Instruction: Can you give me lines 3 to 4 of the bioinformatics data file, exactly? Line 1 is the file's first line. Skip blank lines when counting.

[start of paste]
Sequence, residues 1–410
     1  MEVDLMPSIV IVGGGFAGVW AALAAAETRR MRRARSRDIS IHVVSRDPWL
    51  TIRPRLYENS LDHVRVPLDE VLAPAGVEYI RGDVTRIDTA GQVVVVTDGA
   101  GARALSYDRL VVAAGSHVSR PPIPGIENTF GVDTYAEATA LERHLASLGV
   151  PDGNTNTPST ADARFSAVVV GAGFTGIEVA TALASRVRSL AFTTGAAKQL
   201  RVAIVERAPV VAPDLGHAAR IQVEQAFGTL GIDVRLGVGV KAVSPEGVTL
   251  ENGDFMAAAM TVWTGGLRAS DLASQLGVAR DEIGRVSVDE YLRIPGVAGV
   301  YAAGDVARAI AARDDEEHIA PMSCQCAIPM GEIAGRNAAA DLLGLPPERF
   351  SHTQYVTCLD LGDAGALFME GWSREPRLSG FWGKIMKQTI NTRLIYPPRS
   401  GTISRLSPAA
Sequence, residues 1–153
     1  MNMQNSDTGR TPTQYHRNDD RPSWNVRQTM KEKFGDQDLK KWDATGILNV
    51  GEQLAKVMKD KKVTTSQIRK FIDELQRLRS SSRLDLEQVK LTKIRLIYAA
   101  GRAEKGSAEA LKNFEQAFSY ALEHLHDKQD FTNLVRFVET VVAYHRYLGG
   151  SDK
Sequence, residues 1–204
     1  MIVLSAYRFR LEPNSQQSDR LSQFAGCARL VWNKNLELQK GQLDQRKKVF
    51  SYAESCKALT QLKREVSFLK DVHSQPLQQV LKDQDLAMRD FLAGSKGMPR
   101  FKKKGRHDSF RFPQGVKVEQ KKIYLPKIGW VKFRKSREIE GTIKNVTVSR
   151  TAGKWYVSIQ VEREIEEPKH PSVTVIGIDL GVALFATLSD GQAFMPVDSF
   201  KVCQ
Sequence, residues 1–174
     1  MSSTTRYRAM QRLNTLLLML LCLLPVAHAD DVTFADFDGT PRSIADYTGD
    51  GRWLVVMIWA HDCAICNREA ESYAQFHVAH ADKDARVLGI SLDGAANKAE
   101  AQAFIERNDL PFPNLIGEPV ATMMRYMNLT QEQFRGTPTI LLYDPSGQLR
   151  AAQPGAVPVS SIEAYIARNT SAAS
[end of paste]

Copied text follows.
    51  TIRPRLYENS LDHVRVPLDE VLAPAGVEYI RGDVTRIDTA GQVVVVTDGA
   101  GARALSYDRL VVAAGSHVSR PPIPGIENTF GVDTYAEATA LERHLASLGV